Episode 4: Who Needs Integration?

 
Yacine Fall.jpg
I was introduced to an elite education system that had no space for me.
— Yacine, 18 | Harlem
I only know black people. There’s nothing wrong with black people, but can I learn something else about other people?
— Tonie, 18 | East New York

Some scholars, including Malcolm Gladwell, think the Supreme Court overstepped in 1954 when it labeled segregated schools as "inherently inferior." There are plenty of examples of 100% non-white schools that have produced tremendous results. In college I recall reading David Brooks' 2009 New York Times column "The Harlem Miracle," which praised the Harlem Children's Zone schools specifically, and "no excuses" charter schools generally, for finally cracking the code on educating low-income children.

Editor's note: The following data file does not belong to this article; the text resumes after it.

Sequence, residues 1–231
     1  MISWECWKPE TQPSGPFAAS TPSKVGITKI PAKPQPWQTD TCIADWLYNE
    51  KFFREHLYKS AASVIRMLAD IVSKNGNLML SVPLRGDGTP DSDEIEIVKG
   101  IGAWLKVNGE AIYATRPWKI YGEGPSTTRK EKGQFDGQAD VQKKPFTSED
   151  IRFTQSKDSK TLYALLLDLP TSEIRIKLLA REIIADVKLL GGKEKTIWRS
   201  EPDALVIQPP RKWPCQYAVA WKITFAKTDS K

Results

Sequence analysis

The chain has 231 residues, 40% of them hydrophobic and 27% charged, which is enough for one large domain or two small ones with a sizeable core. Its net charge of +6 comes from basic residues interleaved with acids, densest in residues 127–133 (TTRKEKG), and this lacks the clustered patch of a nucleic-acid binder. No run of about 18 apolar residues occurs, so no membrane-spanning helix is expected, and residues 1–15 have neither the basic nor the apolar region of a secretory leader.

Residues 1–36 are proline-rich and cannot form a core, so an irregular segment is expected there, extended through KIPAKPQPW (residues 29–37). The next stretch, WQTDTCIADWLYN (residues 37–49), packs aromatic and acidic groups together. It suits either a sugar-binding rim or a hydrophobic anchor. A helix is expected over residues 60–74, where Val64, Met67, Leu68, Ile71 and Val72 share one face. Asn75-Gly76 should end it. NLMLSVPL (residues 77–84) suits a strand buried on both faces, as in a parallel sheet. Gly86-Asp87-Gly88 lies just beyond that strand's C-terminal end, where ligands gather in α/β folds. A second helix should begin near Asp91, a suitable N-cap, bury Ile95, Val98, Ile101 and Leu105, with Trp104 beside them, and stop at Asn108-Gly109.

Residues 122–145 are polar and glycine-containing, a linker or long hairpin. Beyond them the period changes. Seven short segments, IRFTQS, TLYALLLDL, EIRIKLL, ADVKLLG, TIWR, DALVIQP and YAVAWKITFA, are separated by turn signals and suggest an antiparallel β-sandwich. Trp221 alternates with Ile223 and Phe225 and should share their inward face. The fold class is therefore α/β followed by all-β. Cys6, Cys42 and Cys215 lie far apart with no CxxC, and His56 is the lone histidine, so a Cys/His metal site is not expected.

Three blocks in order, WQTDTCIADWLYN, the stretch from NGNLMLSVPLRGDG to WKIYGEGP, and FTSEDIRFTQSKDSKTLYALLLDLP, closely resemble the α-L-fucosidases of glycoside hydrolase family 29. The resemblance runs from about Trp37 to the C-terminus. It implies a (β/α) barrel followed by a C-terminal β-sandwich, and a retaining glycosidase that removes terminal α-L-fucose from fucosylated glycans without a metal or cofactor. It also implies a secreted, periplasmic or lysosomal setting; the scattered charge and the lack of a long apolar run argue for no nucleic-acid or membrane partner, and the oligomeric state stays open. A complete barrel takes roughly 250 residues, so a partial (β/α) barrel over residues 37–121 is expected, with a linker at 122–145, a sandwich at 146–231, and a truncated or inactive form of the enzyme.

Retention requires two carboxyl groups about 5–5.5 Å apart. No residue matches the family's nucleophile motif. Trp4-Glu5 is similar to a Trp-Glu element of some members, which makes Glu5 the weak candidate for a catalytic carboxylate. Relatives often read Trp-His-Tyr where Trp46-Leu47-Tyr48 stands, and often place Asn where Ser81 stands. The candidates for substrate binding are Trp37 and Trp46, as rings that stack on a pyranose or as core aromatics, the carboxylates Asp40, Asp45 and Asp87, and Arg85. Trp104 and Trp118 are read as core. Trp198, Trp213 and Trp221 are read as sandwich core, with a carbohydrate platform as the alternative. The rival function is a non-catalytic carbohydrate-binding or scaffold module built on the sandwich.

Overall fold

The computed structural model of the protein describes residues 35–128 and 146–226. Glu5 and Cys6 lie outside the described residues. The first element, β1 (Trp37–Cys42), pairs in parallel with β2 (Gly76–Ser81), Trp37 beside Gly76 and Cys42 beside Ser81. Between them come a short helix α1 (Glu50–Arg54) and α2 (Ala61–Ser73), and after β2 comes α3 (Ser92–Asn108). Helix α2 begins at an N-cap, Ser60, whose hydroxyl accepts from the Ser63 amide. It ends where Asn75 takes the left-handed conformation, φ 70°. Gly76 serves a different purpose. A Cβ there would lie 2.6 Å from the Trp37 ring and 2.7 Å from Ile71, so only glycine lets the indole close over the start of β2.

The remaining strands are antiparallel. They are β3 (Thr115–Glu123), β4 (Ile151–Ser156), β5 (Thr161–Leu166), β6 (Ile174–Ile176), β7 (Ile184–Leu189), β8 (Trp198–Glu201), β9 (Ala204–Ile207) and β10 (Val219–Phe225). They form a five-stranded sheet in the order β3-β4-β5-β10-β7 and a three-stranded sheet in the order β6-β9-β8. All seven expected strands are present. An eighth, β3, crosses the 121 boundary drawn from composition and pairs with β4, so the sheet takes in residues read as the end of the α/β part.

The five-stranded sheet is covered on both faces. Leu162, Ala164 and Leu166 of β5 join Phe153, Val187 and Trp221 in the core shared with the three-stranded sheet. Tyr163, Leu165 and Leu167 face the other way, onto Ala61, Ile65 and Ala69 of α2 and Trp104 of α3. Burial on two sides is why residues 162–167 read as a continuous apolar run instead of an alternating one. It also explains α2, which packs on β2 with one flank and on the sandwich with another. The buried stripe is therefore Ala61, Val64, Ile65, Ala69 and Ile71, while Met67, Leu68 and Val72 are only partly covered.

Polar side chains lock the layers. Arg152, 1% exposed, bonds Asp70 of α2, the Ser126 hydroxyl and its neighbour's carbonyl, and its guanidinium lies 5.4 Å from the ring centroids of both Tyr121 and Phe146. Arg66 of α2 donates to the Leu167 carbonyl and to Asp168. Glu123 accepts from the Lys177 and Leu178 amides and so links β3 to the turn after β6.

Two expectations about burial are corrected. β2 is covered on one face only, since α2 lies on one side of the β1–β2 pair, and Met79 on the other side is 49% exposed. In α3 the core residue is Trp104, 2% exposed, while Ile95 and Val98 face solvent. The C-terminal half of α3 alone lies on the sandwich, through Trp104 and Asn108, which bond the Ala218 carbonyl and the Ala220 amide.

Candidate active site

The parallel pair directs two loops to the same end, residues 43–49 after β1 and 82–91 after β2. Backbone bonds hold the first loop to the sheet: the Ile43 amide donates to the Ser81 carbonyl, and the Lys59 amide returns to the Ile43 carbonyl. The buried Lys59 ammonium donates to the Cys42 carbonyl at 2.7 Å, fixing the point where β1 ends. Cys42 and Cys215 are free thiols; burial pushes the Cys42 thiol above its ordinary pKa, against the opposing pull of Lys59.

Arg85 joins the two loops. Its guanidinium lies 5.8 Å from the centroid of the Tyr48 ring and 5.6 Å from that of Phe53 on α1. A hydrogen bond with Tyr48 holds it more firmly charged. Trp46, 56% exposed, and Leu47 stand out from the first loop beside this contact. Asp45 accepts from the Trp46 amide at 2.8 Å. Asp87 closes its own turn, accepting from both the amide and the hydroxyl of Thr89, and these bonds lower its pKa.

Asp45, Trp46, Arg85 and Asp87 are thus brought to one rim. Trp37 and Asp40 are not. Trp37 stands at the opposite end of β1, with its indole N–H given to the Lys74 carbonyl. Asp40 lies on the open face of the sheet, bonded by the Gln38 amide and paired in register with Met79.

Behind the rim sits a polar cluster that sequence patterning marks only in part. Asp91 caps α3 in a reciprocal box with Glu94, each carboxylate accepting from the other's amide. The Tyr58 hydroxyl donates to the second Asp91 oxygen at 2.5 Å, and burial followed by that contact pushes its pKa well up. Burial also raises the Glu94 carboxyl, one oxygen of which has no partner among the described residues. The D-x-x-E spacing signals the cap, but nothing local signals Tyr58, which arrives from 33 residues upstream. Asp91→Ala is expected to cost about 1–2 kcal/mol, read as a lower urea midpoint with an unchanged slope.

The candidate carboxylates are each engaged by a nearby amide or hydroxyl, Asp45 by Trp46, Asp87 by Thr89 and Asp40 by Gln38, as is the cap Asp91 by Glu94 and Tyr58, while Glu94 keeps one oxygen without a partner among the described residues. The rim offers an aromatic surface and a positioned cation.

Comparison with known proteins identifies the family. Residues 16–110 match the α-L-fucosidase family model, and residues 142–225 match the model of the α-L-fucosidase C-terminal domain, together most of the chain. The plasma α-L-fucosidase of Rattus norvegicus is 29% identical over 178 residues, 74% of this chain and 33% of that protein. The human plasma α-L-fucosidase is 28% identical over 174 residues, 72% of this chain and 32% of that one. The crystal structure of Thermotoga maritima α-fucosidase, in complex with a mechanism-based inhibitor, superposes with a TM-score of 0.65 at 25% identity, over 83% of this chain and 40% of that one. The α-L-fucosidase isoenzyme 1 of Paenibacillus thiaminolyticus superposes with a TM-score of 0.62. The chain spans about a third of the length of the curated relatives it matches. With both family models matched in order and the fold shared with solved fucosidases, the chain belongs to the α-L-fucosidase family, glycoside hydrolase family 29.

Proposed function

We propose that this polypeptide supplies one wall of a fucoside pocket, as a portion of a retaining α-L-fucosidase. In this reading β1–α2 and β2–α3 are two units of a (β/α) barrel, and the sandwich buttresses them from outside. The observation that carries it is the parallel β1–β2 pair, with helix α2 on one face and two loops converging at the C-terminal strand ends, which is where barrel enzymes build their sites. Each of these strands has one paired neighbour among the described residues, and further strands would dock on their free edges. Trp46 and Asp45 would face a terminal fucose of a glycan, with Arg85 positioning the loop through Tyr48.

Three years later I found myself teaching in a "no excuses" Harlem charter school that dwarfed the HCZ results and even outpaced scores in Scarsdale and other wealthy enclaves. It was clear that poor black and brown kids didn't need to be in the same classrooms as rich white kids to be successful. So, why raise a fuss about integration?

This episode dives headfirst into that debate. It features two black scholars with a core disagreement about integration and two black New York City teens who attended very different high schools.

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Sources:

• Malcolm Gladwell's Revisionist History: Season 2, Episode 3, "Miss Buchanan's Period of Adjustment." 

• "Why New York? Our Segregated Schools Epidemic, Part Two: Tales from the Front Lines," Panel. Brooklyn Historical Society. September 2015. (View to the right)

• New York City Department of Education 2015-2016 School Quality Snapshots: Benjamin Banneker Academy | Beacon High School

• Click to read more about Nikole Hannah-Jones and Daryl Rock, two scholars featured in the episode.